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Bushwacking, also spelled bushwhacking, generally is a form of guerrilla warfare. Bushwackers operate outside of the official chain of command of whatever army, faction, or cause that they support — though they may at times work in conjunction with or at least under the unofficial auspices of conventional military authority. For the most part, however, bushwackers belong to small, self-regulated squads of civilians who take it upon themselves to conduct raids, ambushes, and other mobile tactics against a larger, formally organized foe. In United States history, bushwackers played a role in the American Revolution, but are perhaps most famous for their exploits in Missouri and Kansas during the American Civil War.
The name bushwacker most likely stems from the facts that a bushwacker hides out in the bushes and that a bushwacker typically ambushes enemies rather than engaging them in formal combat. Bushwacking tactics may not seem so innovative or unusual in modern times where many combatants employ similar strategies and methods. During the time of the American Revolution and the American Civil War, however, it was generally more common for opposing armies to meet on an open field of battle. Surprise attacks and raids went against the conventional rules of warfare espoused in those eras and quickly earned the bushwackers notoriety and a fearsome reputation. American bushwackers modeled much of their combat style on that of the Native Americans.
Advantages a bushwacker typically has over a conventional combatant include mobility, heightened familiarity with the terrain, and the element of surprise. A bushwacker and his comrades often employ such tactics as luring enemy troops into difficult, unsuitable terrain or sneaking into enemy camps. Also, a bushwacker is likely to undertake stealth and reconnaissance missions.
The Missouri-Kansas border is one of the more famous sites of bushwacking in American history. Strife smoldered on the border between Missouri, a "slave-state," and Kansas, a "free-state," long before the first shots were fired in the American Civil War. When the war began, Missouri was technically still a part of the Union; federal troops promptly marched into the state capitol to ensure it remained that way. Officially, Missouri would maintain neutrality throughout the war, but the intense guerrilla warfare that ravaged the state told a different tale.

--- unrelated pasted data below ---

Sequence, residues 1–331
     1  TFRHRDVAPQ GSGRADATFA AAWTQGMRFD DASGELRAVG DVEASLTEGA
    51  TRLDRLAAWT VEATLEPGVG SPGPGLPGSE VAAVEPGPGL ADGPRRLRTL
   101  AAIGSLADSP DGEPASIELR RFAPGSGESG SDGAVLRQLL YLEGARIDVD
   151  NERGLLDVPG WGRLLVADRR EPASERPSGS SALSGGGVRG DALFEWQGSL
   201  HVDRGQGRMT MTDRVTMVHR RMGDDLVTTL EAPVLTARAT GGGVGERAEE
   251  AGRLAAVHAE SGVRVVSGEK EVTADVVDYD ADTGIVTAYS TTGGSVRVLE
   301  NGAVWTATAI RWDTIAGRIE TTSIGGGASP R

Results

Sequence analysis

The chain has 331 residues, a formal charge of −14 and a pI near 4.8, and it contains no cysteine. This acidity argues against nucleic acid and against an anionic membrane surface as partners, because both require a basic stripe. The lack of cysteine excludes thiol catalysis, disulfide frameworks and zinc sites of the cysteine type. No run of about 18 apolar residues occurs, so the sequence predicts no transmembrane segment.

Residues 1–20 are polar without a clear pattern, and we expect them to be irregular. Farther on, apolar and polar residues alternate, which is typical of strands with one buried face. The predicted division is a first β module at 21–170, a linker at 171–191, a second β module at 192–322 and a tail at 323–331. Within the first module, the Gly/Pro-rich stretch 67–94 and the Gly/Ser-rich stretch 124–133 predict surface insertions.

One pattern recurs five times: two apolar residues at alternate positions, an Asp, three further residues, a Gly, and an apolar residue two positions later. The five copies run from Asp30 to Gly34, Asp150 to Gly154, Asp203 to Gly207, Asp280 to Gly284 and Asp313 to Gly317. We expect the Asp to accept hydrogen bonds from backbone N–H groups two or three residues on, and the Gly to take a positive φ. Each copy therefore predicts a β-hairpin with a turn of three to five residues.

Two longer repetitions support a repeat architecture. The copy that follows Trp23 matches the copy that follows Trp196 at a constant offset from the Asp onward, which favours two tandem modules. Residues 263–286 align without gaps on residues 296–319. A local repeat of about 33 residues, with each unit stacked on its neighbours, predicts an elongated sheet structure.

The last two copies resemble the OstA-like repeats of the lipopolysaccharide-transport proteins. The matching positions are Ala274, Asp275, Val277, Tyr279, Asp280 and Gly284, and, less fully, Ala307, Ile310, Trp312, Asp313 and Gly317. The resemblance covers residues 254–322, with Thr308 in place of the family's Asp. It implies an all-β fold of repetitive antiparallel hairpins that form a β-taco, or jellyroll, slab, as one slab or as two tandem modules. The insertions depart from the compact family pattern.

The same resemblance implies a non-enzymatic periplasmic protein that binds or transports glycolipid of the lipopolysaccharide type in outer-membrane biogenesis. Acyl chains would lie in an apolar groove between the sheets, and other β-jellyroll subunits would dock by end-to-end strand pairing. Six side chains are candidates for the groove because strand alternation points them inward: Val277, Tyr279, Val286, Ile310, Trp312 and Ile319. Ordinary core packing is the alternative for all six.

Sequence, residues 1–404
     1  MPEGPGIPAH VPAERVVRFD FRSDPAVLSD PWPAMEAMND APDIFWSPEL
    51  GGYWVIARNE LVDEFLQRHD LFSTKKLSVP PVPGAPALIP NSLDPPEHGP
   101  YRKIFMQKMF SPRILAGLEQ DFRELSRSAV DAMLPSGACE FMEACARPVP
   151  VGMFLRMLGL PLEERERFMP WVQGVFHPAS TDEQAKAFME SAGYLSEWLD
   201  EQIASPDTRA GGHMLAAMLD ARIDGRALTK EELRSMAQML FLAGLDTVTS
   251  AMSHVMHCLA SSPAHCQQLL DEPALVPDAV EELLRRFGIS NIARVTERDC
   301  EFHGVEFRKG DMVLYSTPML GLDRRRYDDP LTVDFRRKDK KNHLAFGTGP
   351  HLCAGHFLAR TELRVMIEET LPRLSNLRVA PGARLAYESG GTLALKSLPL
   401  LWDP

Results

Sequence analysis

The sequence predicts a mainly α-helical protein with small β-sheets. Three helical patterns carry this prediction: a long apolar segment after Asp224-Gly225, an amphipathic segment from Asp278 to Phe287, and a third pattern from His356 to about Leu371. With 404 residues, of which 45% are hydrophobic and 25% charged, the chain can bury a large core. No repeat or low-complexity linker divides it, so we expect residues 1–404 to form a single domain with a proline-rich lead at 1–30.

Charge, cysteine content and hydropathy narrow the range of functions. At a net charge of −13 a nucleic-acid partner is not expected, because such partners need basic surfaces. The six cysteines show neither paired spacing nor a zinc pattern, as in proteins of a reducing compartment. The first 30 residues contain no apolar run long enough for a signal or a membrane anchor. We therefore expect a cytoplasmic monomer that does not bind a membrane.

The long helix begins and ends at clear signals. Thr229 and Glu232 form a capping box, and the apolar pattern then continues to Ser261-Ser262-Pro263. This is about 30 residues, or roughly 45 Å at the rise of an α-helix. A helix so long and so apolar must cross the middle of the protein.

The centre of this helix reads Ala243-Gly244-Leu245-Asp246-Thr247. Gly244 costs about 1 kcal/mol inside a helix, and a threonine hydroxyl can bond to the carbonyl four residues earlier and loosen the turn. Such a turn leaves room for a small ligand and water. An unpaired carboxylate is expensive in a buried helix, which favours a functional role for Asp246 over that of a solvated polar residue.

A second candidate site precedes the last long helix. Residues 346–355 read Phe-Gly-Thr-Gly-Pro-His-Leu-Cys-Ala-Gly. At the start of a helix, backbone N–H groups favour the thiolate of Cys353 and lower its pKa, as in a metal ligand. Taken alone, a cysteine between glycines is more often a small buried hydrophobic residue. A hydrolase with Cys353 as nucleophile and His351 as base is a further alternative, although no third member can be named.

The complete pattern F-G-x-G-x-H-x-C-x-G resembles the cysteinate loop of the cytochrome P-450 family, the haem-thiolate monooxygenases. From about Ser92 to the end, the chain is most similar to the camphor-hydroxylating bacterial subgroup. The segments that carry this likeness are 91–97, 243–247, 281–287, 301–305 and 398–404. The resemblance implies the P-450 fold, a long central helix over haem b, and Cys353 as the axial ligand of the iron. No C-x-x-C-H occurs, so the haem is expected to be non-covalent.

Bushwackers sided with the Confederacy during the war. In some cases, the Confederate army did authorize these insurgents by giving them commissions as "partisan rangers." A jayhawker was the Union-loyal equivalent of a bushwacker and used similar guerrilla tactics; many jayhawkers were Kansans who ran raids across the Missouri-Kansas border to burn or pillage western Missourian towns or farmland. The fierce fighting between these two factions is often referred to as a "civil war within the civil war," as neighbors sometimes battled against neighbors. In some cases, entire families were banished from Missouri by Unionist militiamen — future US President Harry Truman's grandparents were among those exiled.
One of the most famous of American bushwackers is William Clarke Quantrill — a legendary figure whose escapades are often as romanticized as they are infamous, depending on who tells the story. Quantrill’s band of guerrilla soldiers, known as Quantrill’s Raiders, formed in 1861 as a group of about a dozen men and quickly became a force to be reckoned with. Jesse James was a bushwacker in Quantrill’s squad, as was his brother, Frank, and his future partner in crime, Coleman Younger. These men would later turn the hit-and-run tactics they learned from Quantrill into one of the American West’s most famous bank- and train-robbery sprees.
The Lawrence Massacre, one of the bloodiest events in the history of Kansas, was a significant bushwacking attack authored by Quantrill and his Raiders. On 21 August 1863, at least 300 bushwackers descended on the city of Lawrence — an epicenter of Union activism and a base of operations for the jayhawkers. The bushwackers sacked Lawrence, looting and pillaging banks and stores and setting fire to the city and killing at least a hundred men. In retaliation, Union General Thomas Ewing evicted thousands of Missourians living in towns on the Kansas-Missouri border from their homes, and then systematically burning the border towns to the ground.
Though it often gets a bad rap, I think that if you cannot win a stand up fight it makes a lot of sense to ambush or raid an enemy. Whatever name you call it by, bushwhacking, guerilla warfare, unconventional warfare, whatever -- it's all about keeping the larger enemy off balance.
For example, in the Revolutionary War, especially at Concord, the colonials decided to ambush the British forces from hiding places rather than line up against them on traditional European style battlefields. Bushwhacking worked. It kept the British off balance and gave General Washington to create a more powerful traditional army.
In the movie “The Patriot” Mel Gibson played a Colonel who created his own band of bushwhackers. Of course those bushwhackers where portrayed as glorious heroes. Quantrill’s men are of course portrayed negatively because their side lost the war. I guess it is true what they say: history is written by the winners.
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